For theirs is the Kingdom of Heaven

Miscellany/Keith Jacobs

Miscellany/Keith JacobsJohn Holmes has made it his mission to fight the negative stereotype of homelessness.

Retired from the U.S. Navy, Holmes is smart, articulate and energetic. He has taken a leadership role in the grassroots movement Homeless Helping Homeless in Columbia.

Holmes is uniquely qualified to talk about the needs of homeless people because he has been one of them, off and on, for about six years now.

“Every situation is different for every homeless person,” he said. “We’re all just people, and there are salvageable people in all categories of life.”

He said it is a misconception to think homeless people are lazy, or that every person on the street is a drug addict or alcoholic. While it’s true that many bottom out because of substance abuse, there are other stories too.

Staff members at outreach centers said they see more and more homeless families.

Some people balance so precariously on the financial edge that even one unexpected expense can push them off, and it’s a quick slide from an eviction notice to the street.

Anita Floyd, vice president of community impact at United Way of the Midlands, said people often have nowhere to turn because their extended family and friends are also on the margins and have already doubled up their living space, or just can’t afford to help.

These are families in crisis, where parents are working two and three minimum-wage jobs and barely surviving, said Steffanie Godsill, director of development at Crisis Ministries in Charleston.

“They are the most impoverished of our society,” she said.

Last year, the housing shelter had 99 children pass through, which is double the normal number, Godsill said.

They also see many veterans suffering post-traumatic stress disorders and people with mental health issues who fall through society’s cracks.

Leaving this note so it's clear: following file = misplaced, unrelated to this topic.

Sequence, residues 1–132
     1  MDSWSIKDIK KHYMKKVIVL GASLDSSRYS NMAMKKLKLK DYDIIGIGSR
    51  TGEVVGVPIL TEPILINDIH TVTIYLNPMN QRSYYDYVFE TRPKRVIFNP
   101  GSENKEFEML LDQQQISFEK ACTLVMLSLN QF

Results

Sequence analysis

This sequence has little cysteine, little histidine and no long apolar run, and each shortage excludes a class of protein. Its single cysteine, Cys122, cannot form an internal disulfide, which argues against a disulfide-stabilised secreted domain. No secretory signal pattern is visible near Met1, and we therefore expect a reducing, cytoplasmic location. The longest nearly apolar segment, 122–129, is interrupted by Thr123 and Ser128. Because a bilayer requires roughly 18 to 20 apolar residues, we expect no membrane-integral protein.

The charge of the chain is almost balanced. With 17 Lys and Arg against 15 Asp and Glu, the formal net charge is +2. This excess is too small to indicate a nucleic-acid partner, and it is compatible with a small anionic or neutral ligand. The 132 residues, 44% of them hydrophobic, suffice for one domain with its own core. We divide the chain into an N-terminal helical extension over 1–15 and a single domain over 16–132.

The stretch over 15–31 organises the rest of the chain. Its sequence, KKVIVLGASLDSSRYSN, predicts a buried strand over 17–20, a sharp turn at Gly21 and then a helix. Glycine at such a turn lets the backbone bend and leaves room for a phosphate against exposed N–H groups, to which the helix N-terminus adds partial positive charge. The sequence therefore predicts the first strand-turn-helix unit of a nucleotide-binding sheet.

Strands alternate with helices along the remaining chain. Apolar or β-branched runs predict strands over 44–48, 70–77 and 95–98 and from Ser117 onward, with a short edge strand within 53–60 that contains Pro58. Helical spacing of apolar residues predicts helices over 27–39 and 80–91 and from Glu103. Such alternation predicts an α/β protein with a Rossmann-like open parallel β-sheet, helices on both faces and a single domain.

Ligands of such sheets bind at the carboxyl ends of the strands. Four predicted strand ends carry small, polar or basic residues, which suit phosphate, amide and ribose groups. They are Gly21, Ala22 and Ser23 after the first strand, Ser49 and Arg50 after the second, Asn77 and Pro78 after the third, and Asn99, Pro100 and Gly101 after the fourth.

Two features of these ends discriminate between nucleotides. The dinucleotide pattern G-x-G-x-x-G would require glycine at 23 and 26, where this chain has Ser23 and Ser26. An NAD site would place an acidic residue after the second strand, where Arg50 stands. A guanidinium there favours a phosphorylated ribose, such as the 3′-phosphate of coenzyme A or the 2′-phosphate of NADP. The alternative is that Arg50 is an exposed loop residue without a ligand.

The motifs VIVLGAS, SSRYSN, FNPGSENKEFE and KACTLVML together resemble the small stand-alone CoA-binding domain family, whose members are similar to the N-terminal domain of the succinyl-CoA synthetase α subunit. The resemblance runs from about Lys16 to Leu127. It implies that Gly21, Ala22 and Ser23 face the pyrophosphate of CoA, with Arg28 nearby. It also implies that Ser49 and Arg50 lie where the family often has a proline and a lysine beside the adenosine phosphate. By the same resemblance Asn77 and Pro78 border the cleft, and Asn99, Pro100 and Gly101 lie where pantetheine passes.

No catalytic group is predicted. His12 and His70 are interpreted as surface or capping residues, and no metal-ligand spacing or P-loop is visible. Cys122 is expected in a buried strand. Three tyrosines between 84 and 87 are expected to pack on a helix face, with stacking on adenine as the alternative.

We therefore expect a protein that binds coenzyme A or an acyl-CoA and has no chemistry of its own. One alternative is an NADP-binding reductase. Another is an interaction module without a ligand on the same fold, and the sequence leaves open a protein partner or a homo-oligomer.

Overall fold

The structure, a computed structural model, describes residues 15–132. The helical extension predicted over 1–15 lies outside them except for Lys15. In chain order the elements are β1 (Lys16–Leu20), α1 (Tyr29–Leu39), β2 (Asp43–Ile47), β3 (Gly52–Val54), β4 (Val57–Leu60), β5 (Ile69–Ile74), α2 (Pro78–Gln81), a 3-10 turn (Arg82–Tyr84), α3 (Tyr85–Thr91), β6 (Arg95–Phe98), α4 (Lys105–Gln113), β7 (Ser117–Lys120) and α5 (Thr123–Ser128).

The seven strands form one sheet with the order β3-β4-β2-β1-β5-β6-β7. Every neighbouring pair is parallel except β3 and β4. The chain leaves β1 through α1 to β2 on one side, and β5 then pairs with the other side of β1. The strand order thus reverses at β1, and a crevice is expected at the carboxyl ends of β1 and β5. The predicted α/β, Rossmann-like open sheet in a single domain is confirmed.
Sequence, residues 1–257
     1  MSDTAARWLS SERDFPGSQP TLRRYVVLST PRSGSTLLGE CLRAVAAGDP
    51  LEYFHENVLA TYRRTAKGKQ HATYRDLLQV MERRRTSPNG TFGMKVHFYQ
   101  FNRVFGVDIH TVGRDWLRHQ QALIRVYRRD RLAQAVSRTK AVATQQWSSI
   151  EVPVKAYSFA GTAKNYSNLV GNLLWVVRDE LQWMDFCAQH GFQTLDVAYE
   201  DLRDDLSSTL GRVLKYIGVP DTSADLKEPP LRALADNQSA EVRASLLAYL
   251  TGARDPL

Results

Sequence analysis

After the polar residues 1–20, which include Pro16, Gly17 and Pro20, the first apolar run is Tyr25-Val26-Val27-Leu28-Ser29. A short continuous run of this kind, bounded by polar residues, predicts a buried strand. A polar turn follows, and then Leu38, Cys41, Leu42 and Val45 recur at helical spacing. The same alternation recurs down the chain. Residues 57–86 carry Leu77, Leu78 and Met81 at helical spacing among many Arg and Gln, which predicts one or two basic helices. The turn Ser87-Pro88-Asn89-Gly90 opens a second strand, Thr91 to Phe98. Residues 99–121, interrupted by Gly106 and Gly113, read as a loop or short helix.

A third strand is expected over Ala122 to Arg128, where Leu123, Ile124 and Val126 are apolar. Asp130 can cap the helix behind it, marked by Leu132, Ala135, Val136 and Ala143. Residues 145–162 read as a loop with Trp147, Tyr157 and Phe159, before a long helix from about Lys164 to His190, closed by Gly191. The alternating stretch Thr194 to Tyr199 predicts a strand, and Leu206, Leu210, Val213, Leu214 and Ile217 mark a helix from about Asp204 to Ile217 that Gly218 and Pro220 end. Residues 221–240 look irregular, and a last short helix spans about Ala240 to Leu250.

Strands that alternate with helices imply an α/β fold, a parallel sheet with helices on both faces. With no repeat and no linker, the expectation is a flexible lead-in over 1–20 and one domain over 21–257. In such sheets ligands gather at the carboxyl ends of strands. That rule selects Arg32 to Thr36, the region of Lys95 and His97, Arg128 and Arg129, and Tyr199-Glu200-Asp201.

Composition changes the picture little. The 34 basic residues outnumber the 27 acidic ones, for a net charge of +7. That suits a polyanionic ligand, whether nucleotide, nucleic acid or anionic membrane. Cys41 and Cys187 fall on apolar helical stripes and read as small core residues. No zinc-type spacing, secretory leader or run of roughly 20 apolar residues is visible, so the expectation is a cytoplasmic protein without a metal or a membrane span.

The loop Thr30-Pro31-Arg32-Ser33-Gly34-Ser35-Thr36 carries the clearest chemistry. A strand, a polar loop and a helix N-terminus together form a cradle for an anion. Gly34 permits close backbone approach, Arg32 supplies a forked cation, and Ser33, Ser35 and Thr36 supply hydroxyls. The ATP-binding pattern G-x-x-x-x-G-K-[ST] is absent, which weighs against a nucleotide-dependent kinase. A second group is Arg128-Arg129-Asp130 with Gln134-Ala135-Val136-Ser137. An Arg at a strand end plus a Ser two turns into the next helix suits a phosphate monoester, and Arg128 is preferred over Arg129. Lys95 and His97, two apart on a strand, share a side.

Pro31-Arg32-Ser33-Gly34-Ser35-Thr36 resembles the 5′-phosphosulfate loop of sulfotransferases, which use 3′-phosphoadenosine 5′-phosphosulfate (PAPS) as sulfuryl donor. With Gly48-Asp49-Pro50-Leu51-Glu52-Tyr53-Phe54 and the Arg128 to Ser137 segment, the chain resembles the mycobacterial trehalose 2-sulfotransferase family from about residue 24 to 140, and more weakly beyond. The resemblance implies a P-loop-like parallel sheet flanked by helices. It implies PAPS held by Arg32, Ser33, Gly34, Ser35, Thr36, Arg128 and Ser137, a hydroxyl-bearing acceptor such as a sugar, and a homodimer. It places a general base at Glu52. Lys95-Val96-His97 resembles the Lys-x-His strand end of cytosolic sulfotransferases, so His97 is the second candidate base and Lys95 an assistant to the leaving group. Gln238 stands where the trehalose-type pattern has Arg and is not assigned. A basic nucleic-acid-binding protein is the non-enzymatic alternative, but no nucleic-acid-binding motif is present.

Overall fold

Godsill said it can take up to a year for a veteran’s papers to process before they start receiving benefits. Stress disorders go untreated and these men and women who served their country end up on the street. Sometimes, they lose their way.

They are among the chronic homeless that are seen each year during the Homeless Count. This is a national service required by the department of housing and urban development that has thousands of volunteers conduct a one-night census of people living on the street.

Last year, Floyd said they counted 4,664 in South Carolina. That figure includes anyone staying in a shelter or transitional housing. It does not include folks living with friends and family.

She said it is only a representative count because homeless people can be hard to find, especially those in rural areas.

Keith Bourne, from the Moncks Corner area, was one of those invisible men for a long time.

A U.S. Army veteran, he said he slept wherever he could: the woods, an abandoned store porch, a rundown shed.

“I moved from one hole to the next,” Bourne said.

It’s a world where only other homeless know the terrain. In Columbia, Holmes and his group helped other volunteers find the camps and hidden holes used by homeless people. Some took pictures, trying to capture the utter despair of the situation.

“Pitiful doesn’t even begin to convey it,” said Floyd.

Holmes said the groups in camps and abandoned structures are the hardcore homeless, the ones who refuse to go to shelters. It wasn’t too long ago that he was one of them.

At 55, Holmes is a recovering drug addict diagnosed with bipolar II disorder. He started off studying for a career in medicine, but ended up working just to support his habit. It was a downward spiral until he ended up with nothing.